This class by Michael Caine is on point. All the students are awful. And their perfomances don't improve much if at all, even though it is Michael Caine teaching them. I admire Michael Caine for picking random aspiring actors instead of doing a demonstration with seasoned actors - it's more real that way. It also unfortunately illustrates the reality that talent is rare.


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    Senior Member rsbush's Avatar
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    Most aspiring anything are not very good.


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    "Most aspiring actors are just not very good, and no amount of training will make them acceptably good. Talent is rare, including acting talent. Odds that a single person out of an acting class will ever give a decent performance are pretty remote. The vast majority of such classes are wasted on the students. You either pay for a pro, or you are taking a huge chance on an unknown. Most microbudget indies have no money, so they are condemned to use marginal actors - and the result is that the biggest weakness of such productions is poor acting. You can't make a silk purse out of a sow's ear."

    There is so much in here that I disagree with. I've made four indie feature films and have worked with plenty of amazing actors - 95% of them non-sag btw. I've studied acting for over a decade and saw great acting over and over in classes. I'm about to do a new feature with a guy playing the co-lead who only has two semesters of acting classes under his belt but has plenty of talent. And is right for the part. Sure - i also saw plenty of acting in classes that was not inspiring. "pay for a pro." Sure there are gonna be things that someone who works a lot is going to be better at - than someone without that experience under their belt - but as warhol said once - "success is what sells." The big shot producer wants the big shot actor as much for market forces as for talent. Anyway - Plenty of amazing actors out there - but as a director do you know how to work with them and let them shine?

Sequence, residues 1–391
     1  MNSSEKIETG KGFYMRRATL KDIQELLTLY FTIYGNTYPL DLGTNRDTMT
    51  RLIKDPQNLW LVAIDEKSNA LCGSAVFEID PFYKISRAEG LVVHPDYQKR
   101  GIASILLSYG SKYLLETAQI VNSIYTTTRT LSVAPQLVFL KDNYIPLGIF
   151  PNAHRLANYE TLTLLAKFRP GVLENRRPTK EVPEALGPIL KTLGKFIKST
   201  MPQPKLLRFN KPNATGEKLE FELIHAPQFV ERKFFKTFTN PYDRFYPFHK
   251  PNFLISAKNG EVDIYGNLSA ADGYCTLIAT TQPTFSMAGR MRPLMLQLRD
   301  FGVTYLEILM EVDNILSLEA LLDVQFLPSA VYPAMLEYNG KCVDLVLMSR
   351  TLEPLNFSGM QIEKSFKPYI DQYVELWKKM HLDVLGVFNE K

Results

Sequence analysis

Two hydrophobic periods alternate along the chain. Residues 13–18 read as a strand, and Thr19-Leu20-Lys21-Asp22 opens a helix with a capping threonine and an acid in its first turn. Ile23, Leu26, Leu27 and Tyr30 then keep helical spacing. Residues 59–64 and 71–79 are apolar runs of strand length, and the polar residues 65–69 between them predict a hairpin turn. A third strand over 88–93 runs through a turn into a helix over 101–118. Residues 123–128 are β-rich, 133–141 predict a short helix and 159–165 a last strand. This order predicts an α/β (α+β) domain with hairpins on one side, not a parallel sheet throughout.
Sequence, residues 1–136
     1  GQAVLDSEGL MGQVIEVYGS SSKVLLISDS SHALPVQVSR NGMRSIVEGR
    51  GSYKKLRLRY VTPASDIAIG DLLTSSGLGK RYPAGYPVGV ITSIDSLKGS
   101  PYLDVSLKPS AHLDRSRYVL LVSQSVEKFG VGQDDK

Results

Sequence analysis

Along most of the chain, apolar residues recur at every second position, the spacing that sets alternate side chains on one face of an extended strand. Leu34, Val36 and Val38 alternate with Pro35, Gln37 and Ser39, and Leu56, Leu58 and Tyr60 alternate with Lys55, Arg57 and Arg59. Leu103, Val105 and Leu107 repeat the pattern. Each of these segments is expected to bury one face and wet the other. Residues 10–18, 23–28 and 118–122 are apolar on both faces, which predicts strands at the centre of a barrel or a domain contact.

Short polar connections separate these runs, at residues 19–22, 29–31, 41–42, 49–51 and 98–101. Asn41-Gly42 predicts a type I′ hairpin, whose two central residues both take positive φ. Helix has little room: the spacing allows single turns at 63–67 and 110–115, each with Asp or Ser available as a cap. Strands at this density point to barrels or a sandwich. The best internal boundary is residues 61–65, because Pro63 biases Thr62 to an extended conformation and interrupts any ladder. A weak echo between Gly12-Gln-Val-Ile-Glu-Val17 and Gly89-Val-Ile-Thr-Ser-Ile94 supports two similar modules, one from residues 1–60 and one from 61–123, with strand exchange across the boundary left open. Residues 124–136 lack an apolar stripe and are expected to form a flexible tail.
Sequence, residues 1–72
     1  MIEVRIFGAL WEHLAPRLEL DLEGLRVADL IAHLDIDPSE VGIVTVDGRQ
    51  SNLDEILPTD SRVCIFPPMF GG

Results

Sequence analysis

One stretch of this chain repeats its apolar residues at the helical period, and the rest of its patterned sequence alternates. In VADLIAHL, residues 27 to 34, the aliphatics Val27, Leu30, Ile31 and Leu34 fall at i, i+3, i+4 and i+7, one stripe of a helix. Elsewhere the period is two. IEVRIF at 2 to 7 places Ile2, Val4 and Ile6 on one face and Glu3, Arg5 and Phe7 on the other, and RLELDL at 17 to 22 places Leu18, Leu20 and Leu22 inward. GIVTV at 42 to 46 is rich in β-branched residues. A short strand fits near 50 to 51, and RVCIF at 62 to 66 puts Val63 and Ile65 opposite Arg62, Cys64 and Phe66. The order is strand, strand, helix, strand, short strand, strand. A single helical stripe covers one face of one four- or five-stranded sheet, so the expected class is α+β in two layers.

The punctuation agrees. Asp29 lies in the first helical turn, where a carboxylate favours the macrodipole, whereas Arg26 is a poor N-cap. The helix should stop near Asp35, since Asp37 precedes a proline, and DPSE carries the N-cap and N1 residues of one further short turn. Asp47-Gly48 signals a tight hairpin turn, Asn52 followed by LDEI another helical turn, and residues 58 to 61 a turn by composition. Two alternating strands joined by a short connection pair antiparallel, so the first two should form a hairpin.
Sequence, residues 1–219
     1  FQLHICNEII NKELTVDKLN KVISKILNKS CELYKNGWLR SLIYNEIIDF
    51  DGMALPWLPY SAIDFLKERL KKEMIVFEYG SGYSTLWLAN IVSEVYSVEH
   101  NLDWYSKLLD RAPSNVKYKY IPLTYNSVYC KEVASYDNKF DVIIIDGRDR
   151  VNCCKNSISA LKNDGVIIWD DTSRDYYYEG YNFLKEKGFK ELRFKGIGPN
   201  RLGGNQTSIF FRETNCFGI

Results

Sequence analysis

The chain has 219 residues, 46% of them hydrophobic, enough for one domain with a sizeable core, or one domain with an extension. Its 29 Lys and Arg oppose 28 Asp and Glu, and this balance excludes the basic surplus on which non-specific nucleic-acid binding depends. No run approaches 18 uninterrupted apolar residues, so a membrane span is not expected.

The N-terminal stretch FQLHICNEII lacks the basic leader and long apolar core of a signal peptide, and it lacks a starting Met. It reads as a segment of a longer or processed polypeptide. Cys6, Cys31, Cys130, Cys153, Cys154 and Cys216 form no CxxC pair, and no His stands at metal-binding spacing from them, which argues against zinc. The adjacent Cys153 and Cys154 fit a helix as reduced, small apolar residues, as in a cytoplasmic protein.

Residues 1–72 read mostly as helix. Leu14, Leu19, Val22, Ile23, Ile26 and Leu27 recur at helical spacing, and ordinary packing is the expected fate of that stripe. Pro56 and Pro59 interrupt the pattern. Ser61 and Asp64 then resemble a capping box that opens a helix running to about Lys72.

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    Quote Originally Posted by kevin baggott View Post
    "Most aspiring actors are just not very good, and no amount of training will make them acceptably good. Talent is rare, including acting talent. Odds that a single person out of an acting class will ever give a decent performance are pretty remote. The vast majority of such classes are wasted on the students. You either pay for a pro, or you are taking a huge chance on an unknown. Most microbudget indies have no money, so they are condemned to use marginal actors - and the result is that the biggest weakness of such productions is poor acting. You can't make a silk purse out of a sow's ear."